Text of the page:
... On traduit ensuite cette connaissance en lignes directrices avec des objectifs à long terme, pour ensuite mettre en oeuvre le projet. La troisième composante est transversale, car il s'agit de mettre en place un processus de conception et d'apprentissage participatif qui engendre une rétroaction en continu; le dialogue; ainsi que le développement de compétences par l'action (Mang et Reed, 2012;Reed, 2007). ...
... The approaching of earth limits and the many threats to human and non-human species imply an urgent action to redesign our presence on the planet earth and to live, together in harmony, in a truly balanced ecological system (Meadows et al. 1972;Abegão 2019). Many scholars have devoted attention to the need to move beyond sustainable discourse to a regenerative one, namely, in the field of cities and urban planning (Girardet 2010(Girardet , 2014Crowley et al. 2021), in communities (Reed 2007), and in planet and cultures (Wahl 2016). Sustainable development is based on the premise of do not damage the environment without developing new resources for future generations (Reed 2007). ...
... Many scholars have devoted attention to the need to move beyond sustainable discourse to a regenerative one, namely, in the field of cities and urban planning (Girardet 2010(Girardet , 2014Crowley et al. 2021), in communities (Reed 2007), and in planet and cultures (Wahl 2016). Sustainable development is based on the premise of do not damage the environment without developing new resources for future generations (Reed 2007). On the other hand, regenerative one goes far beyond and proposes a holistic approach where humans actively participate in nature design, restore nature-human connectedness, and, most importantly, learn to live with nature (Mang and Reed 2013;Wahl 2016). ...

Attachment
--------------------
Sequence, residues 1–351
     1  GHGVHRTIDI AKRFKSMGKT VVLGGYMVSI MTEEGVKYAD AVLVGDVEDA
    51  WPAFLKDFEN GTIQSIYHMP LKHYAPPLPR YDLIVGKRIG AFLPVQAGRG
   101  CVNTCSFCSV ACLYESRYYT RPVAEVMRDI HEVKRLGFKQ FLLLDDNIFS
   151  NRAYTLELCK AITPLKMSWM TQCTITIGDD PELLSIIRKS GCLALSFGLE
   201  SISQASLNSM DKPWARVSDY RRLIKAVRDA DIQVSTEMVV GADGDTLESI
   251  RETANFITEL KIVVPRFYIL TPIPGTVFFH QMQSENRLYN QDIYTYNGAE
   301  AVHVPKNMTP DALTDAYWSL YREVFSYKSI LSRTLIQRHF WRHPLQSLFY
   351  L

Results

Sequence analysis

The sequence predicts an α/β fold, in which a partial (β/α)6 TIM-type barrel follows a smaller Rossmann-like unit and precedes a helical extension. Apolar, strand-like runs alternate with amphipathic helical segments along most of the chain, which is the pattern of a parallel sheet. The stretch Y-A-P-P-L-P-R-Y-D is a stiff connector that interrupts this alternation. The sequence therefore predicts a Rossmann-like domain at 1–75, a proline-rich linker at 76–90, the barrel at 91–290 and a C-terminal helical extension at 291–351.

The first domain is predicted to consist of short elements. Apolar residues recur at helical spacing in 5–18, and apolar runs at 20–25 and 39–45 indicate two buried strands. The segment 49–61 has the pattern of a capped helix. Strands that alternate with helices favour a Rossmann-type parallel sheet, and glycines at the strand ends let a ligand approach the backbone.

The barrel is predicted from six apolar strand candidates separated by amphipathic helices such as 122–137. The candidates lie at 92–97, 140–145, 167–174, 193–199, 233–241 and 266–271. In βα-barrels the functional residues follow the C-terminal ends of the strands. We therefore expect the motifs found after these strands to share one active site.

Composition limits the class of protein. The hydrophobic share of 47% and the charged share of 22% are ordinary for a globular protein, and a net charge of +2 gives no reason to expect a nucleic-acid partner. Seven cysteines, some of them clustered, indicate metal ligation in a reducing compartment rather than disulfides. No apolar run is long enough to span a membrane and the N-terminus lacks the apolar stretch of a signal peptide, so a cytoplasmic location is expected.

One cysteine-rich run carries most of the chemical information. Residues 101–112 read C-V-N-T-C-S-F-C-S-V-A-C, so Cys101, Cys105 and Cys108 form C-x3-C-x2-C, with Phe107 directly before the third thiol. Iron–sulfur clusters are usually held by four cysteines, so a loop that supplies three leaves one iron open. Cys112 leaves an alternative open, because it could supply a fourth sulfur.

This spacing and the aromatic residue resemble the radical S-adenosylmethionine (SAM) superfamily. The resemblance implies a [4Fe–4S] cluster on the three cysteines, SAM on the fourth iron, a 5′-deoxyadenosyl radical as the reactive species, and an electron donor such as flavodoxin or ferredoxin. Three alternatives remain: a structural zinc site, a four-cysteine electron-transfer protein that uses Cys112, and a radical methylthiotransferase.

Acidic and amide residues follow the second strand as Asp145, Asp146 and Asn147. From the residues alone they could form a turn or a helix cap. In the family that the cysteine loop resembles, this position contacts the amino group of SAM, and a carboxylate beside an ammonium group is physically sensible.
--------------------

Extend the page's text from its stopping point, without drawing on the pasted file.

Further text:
... In other words, a systemic view of the human-nature relationship considers (external) effects inherent to the system (Vatn and Bromley, 1997), relating them to its structure which accommodates a specific configuration of interconnections, ultimately reframing the notion of sustainability and shaping its normative goals (Gibbons, 2020). The fundamental premise of policymaking is to intervene in the system (Meadows, 2009) in such a way that the flow of information and materials ensure "sustaining life-enhancing conditions" (Reed, 2007) rather than achieving specific targets in different domains (Du Plessis and Brandon, 2015;Robinson and Cole, 2015), that often do not work or produce unexpected outcomes. ...
... It also implies care for relations, between individuals, groups, and society, and between the local and the global, that are fair and just. This motivation represents the strive towards posthuman design, where the environment is a true stakeholder in a more-than-human world with restorative character, where humanity and the planet 'flourish' together [39][40][41]. ...